To wrap up National Stalking Awareness Month, the Violence Prevention Project held a campus stalking information night Wednesday to raise awareness and provide resources for victims.
Although most victims know their stalkers intimately, some may be total strangers or merely acquaintances.
Stalking can take on various forms including making harassing phone calls, following an individual, sending unwanted e-mail or text messages and vandalizing property.
â€œOften victims may think they are cared about and loved so much, but in fact the stalker is maintaining power and control over them,â€ said Mica Vargas, coordinator of the Violence Prevention Project.
It all started with a telephone call for Georgianna MacDowell, president of Students Providing Empowerment, Advocacy and Knowledge (S.P.E.A.K.), who was stalked by an acquaintance who lived in her apartment complex.
She said that she willfully exchanged phone numbers with him because she thought he was nice, but when she did not answer his repeated phone calls he became hostile. He began to call her daily and stop by her apartment uninvited, so she eventually got the police involved.
â€œI felt mostly uncomfortable, but not threatened,â€ MacDowell said. â€œI just felt dumb, which is a common feeling for victims and it is OK and normal to feel that way.â€
Now it is easier than ever for stalkers to obtain information about their victims from the Internet and from social networking sites like MySpace and Facebook.
Tamyra Pierce, Ph.D., associate professor of mass communication and journalism, has analyzed hundreds of MySpace pages and spoke about predatorsâ€™ use of social networking sites. Pierce said that her research showed that 59 percent of MySpace users used their full name, 62 percent used a picture of themselves and 38 percent included personal information like phone numbers or addresses.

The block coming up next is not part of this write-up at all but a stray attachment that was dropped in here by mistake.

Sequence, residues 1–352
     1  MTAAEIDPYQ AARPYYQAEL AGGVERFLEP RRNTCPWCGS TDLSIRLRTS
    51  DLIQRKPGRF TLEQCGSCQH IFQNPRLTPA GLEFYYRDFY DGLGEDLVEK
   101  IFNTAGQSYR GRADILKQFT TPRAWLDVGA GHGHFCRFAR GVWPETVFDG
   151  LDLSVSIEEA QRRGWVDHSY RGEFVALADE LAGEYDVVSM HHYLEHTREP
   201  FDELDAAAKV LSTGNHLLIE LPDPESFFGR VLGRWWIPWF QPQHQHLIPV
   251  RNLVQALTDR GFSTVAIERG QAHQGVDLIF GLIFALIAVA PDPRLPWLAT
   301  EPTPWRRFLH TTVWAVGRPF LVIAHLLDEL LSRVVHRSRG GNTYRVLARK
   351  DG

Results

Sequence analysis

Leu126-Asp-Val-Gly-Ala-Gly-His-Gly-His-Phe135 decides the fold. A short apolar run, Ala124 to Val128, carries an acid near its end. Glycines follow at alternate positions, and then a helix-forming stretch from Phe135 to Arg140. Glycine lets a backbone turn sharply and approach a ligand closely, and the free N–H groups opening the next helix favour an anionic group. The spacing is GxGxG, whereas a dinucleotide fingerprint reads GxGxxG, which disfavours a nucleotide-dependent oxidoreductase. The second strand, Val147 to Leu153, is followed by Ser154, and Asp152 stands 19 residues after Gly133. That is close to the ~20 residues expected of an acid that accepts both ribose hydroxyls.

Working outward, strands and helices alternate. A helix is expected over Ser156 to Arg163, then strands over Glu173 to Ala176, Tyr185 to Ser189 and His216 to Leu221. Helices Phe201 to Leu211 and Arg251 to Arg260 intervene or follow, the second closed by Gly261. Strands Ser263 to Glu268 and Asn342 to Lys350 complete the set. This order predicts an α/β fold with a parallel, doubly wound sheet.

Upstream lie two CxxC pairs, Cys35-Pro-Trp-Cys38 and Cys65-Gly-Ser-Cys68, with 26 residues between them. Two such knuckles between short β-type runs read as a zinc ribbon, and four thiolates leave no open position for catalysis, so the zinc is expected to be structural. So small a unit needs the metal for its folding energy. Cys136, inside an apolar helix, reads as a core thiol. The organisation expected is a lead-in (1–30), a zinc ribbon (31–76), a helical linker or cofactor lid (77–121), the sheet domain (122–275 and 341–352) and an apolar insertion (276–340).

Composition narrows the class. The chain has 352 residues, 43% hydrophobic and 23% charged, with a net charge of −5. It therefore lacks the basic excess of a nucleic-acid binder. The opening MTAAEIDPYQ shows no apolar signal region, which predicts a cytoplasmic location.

â€œThere are real dangers on MySpace,â€ Pierce said. â€œI know they are fun, but too much information is being put out there.â€
Pierce was one of four panelists who discussed various aspects of stalking and ways to avoid becoming a victim.
Ronna Bright from the Marjaree Mason Center was also on the panel and discussed the connection between intimate relationships and stalking. Bright said that 80 percent of female stalking victims have also been physically assaulted.
â€œIt is very easy for former intimate partners to stalk their exes simply because they know their routines, friends and family members,â€ Bright said.
Daniel Espinoza, founder of DSC Consulting, spoke about the process of victimization and why stalking happens. Espinoza said that stalking is no different from domestic violence and both are about demonstrating power, control and domination over their victims.
â€œIndividuals who are stalking have problems letting go and are dependent on those behaviors,â€ Espinoza said.
The Violence Prevention Project was formed in 2005 to provide education, intervention, and to provide a safe place for victims.
The project has a 24-hour hotline that provides confidential support at (559) 278-5696.